Those who accept simplicity are on a completely different theological trajectory from those who reject it.
I would argue that its acceptance puts one on the trajectory to classical theism while its denial puts one on the trajectory to process theology, since its rejection implies or outright states that God changes and is thus in a process. If simplicity is true, then God is without potency, or the potential to change. If he is without the potential to change, then by definition he cannot change—it is impossible. He is thus immutable. He is in a state of being, not in a state of becoming.
This leads to another important doctrine, and almost as disputed as divine simplicity: divine impassibility. If God cannot change, then he cannot be affected by anything in a passive way. We cannot make God any different than he is. We don’t make him happy, sad, upset, etc. We don’t add or take away from him in any way. In other words, he is impassible.
In short, this doctrine denies there are passions in God that are changed by his creation. God does not have human emotions. Stating this doctrine, especially to those who have never heard it, usually upsets people. They tend to get emotional about it. After all, doesn’t the Bible teach that God gets angry, jealous, pleased, and the like. Yes, it does. It also teaches that God has a body if we take it literally. God “went down” to Sodom and Gomorrah to see what they were doing (Gen. 19). God is said to have nostrils (Ex. 15:8), ears (2 Sam. 22:7), fingers (Ps. 8:3), and many other body parts. However, orthodox Christians do not believe that the Bible is literal when it says this. After all, John 4:24 says “God is Spirit.” So, if the Bible uses such figurative terms for God having a body, why wouldn’t we take the emotional language to be just as figurative? Historically passions have been tied to physical bodies.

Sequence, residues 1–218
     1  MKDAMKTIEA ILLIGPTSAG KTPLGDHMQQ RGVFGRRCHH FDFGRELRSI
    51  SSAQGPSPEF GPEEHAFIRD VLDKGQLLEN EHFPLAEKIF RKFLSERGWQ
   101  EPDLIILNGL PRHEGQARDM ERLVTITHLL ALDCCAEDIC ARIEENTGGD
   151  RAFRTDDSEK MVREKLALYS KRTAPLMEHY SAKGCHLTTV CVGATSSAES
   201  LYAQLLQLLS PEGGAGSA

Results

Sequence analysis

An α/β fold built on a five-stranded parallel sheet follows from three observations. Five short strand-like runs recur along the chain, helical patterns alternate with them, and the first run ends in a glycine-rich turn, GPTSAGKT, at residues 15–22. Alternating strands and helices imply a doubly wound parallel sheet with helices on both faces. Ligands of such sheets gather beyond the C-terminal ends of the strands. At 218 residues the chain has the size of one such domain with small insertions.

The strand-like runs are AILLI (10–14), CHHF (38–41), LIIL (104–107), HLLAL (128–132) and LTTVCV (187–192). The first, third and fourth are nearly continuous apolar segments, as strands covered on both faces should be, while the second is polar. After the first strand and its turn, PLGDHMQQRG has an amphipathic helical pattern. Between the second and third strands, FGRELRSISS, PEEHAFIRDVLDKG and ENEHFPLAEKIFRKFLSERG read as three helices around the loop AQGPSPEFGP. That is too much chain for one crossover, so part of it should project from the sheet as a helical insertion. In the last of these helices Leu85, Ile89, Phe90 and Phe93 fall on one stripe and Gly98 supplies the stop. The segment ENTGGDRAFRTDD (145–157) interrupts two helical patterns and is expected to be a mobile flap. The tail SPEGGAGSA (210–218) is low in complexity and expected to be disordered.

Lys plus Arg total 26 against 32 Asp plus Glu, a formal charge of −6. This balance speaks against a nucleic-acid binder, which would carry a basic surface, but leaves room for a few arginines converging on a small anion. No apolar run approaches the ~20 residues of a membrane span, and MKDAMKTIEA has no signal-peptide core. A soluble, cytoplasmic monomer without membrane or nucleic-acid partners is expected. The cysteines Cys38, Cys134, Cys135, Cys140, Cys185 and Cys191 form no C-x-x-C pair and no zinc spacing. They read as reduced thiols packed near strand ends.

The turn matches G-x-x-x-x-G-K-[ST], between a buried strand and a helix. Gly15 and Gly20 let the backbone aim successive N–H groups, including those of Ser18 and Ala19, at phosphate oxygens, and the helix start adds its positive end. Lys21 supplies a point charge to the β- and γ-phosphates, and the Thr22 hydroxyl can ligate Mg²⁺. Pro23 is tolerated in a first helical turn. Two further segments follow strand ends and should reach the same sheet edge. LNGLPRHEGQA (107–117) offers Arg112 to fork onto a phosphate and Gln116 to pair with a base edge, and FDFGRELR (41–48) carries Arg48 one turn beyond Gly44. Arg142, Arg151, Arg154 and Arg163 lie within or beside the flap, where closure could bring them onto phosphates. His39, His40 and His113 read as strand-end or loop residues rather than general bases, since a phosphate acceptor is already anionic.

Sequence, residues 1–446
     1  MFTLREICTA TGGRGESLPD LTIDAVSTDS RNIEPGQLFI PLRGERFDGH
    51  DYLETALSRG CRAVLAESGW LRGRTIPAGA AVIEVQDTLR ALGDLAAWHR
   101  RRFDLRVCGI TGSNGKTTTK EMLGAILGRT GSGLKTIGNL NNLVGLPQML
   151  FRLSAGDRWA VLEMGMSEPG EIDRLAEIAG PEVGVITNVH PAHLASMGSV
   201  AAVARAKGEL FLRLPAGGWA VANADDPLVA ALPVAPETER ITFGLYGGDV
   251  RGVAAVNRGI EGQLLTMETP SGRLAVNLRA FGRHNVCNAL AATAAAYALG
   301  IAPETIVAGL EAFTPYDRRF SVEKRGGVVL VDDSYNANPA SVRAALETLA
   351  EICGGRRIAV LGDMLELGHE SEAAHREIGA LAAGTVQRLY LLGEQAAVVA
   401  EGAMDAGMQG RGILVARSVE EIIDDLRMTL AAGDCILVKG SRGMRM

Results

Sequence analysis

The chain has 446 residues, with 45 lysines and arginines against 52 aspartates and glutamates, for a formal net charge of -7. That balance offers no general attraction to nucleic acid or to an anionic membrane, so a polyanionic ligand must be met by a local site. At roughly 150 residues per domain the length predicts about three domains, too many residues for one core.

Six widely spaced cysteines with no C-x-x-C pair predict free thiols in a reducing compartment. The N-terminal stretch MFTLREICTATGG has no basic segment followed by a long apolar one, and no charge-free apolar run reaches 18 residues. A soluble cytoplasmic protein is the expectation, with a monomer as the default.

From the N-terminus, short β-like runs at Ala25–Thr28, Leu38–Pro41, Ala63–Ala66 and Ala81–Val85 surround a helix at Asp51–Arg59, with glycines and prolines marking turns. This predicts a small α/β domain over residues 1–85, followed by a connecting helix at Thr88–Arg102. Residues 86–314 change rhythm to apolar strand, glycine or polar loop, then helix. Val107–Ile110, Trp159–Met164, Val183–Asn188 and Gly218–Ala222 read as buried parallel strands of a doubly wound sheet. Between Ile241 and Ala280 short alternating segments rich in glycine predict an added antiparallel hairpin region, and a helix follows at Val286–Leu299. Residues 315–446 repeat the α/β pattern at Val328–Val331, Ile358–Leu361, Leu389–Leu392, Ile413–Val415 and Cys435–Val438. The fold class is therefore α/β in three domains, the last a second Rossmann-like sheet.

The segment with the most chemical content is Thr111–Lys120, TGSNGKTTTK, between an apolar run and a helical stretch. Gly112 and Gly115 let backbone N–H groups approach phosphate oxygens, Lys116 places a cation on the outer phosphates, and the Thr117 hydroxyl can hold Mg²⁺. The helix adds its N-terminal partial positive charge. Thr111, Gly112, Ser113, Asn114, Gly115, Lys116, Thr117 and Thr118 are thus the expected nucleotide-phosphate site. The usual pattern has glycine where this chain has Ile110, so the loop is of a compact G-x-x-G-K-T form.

Since God is not physical, he has no passions.
But how do we know that the passages that talk about God being physical aren’t literal and the passages that talk about him being spiritual aren’t figurative. The answer is in one word: philosophy. We use our philosophical views to interpret Scripture. Since we have arguments and reasons to believe that God is immaterial, eternal, immutable, omnipresent, etc., Scriptures that describe God in contradictory ways to these attributes must be figurative. This should not be surprising given the fact that the Bible tells us that we can know God’s “invisible attributes, namely, his eternal power and divine nature, [which] have been clearly perceived ever since the creation of the world, in the things that have been made” (Rom. 1: 20).
So, what does the Bible mean when it says things like God is angry or jealous? It is using figurative language to express a literal truth about God. God is described as angry because he brings about effects and results in a similar way that angry people do, such as wrath, judgment, and destruction. He is said to be jealous since he is against his people going after other gods. This is similar to describing God as a fortress. It should be obvious that God is not made of brick and mortar, but he is similar to a fortress in that he is immovable and stable.
Since the Bible is not a philosophy or theology textbook, but rather a collection of letters to his people, it is not surprising that it describes God in such figurative ways. This is really not avoidable. Most people don’t have the time or inclination to study God on a metaphysical level. Thus, the writers of the Bible wrote it so that the words would resonate with its readers. They could have written a dissertation on God being immutable, or they could just say that God is a fortress or a rock. These figurative descriptions resonate with people since figurative language is so highly used. The same is the case with God being angry about sin. We all know what that means. It means that God is against sin and he takes action against it. Even if one didn’t have the metaphysical background to recognize the figurative use of the language, he would still be right in knowing that in some way God is against sin.